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Government injects Shs 1.6bn into Masindi SACCOs

The government has given Shs1.6 bn to 54 SACCOs in Masindi district under the Presidential Cluster Initiative on Wealth and Job Creation (Emyooga).

The cash injection was made in fulfillment of a pledge made by State Minister for Microfinance, Harunah Kasolo Kyeyune while launching the Emyooga program in the Bunyoro sub-region last year.

At the time, the minister revealed that government would inject Shs 620m into each constituency to fund businesses under 19 selected clusters that include Boda-boda riders, salon owners, carpenters, taxi operators, welders, market vendors, Journalists, performing artists, mechanics among others.

Under the project, each enterprise group with a minimum of 30 members is supposed to receive up to Shs 30m in funding, which will be accessed as a revolving fund by members to boost their respective income-generating ventures, at interest rates as low as 5 percent annually.

Earlier this year, theCooperator reported that 54 SACCOs had formed out of over 1000 such groups. Groups of individuals involved in similar enterprises were tasked to form SACCOs through which they would receive financing under the scheme.

The SACCOs were formed from three counties including Masindi municipality, Bujenje, and Buruli, with 18 from each.

Funds inaccessible

While members of the different SACCOs report having started receiving the Emyooga funds on their accounts in late December, many are bitter over the fact that they are as yet unable to access it.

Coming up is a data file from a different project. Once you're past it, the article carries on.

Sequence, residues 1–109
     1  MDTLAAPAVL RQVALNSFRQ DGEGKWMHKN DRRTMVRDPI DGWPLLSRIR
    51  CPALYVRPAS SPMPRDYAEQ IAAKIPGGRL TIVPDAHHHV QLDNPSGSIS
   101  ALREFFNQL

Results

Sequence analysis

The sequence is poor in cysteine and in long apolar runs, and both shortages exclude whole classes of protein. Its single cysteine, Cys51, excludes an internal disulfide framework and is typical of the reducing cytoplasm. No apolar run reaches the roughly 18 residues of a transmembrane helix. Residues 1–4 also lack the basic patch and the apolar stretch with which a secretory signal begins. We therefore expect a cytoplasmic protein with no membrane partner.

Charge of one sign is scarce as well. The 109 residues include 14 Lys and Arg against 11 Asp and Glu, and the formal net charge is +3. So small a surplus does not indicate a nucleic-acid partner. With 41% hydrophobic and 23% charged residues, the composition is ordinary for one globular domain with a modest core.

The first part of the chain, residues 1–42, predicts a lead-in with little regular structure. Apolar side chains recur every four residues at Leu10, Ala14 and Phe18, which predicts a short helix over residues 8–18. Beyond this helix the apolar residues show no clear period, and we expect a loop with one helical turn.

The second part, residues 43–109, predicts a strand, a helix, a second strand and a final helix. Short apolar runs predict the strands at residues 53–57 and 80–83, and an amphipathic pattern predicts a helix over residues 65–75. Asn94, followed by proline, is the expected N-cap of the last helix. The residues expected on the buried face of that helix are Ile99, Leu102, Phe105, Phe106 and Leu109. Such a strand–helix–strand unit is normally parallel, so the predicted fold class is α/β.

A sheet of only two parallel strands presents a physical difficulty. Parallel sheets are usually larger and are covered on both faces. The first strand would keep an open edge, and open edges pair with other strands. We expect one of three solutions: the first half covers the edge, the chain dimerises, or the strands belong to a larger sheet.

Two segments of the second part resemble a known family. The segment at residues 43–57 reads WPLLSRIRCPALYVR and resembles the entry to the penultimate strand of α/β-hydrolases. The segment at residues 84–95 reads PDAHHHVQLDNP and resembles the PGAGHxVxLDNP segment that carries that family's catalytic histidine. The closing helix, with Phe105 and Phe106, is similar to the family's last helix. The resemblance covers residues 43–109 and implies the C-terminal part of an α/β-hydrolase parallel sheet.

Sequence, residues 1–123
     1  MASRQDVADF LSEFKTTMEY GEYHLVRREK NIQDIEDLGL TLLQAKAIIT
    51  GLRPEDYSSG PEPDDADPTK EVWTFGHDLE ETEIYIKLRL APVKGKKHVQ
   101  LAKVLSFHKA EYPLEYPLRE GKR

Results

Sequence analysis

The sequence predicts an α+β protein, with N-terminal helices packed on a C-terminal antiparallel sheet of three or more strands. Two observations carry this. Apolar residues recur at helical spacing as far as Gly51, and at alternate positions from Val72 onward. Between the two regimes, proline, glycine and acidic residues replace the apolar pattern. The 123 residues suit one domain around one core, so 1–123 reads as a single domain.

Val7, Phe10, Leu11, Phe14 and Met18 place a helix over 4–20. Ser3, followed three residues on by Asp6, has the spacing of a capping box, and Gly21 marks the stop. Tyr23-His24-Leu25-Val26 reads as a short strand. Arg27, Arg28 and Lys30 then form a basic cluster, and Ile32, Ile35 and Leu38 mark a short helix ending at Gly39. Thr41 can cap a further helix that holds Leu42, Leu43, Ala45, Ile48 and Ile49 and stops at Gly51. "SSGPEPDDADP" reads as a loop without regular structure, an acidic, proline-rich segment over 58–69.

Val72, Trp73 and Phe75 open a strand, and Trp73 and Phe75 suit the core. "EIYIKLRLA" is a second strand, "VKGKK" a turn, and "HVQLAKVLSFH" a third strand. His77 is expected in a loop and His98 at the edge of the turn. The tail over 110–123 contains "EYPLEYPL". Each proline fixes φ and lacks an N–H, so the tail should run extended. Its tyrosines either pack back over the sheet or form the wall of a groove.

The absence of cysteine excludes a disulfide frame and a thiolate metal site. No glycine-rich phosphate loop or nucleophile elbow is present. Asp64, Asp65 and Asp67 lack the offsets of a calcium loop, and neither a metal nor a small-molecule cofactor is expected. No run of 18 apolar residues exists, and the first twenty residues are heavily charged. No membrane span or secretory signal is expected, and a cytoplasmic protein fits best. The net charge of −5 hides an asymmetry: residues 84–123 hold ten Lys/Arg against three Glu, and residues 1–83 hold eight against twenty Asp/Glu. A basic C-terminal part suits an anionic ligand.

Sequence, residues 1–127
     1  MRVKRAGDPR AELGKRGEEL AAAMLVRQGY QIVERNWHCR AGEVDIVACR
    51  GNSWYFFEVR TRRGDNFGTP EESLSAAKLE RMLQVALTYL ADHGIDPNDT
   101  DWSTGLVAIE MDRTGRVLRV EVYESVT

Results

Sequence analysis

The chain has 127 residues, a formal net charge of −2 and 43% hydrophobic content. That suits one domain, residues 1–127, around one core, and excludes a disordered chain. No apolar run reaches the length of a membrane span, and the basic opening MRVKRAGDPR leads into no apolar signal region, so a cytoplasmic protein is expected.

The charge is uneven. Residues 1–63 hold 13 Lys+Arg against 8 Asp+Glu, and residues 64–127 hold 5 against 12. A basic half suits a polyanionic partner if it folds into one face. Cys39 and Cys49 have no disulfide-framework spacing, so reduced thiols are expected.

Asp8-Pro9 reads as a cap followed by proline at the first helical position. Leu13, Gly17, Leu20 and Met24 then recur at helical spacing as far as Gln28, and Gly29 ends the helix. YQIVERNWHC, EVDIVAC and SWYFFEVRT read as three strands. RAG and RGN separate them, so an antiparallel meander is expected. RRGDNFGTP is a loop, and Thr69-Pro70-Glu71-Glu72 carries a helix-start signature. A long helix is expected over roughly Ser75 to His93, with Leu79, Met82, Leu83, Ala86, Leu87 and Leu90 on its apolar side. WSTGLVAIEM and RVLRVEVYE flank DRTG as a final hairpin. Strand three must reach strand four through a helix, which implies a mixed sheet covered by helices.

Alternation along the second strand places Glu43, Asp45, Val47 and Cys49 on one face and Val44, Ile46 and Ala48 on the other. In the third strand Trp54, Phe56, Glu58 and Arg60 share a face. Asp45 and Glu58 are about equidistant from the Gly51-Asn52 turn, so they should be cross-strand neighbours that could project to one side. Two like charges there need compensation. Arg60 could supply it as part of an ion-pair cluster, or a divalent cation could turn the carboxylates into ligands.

“We have no clear explanation as to why this is happening. There is an information gap as far as this matter is concerned,” the perplexed members complained.

When theCooperator contacted Moses Kalyegira the Masindi District Commercial Officer to ascertain the cause of the delay, he confirmed that 54 Emyooga SACCOs received the money but members cannot access it until their SACCOs have presented a certificate of registration.

He explained that the requirement to present the certificates, which was supposed to have been done prior to account opening, had been waived temporarily at the time, with the understanding that the SACCOs would acquire them before accessing funds.

“The SACCOs were given a go-ahead to open bank accounts without certificates of registration because the State minister for Microfinance, Harunah Kyeyune Kasolo, wrote to the banks requesting them to allow the SACCOs to open the accounts without them,” Kalyegira intimated.

However, he promised that the SACCOs’ managers would be able to access their money.

“We expect the Certificates of registration to be ready by next week such that the SACCOs can be able to transact their money with the banks. After receiving the certificates, we shall call all the SACCO leaders to come to pick them,” he said.


Kalyegira noted that sensitization of prospective beneficiaries is currently underway, saying that a section of people think that the money is meant to be shared out or is just a token of appreciation for mobilization of votes.

“This money is a grant to the SACCOs, which will lend it out to at an interest of 8% per annum. People should use this money resourcefully because it can change their lives,” Kalyegira urged.

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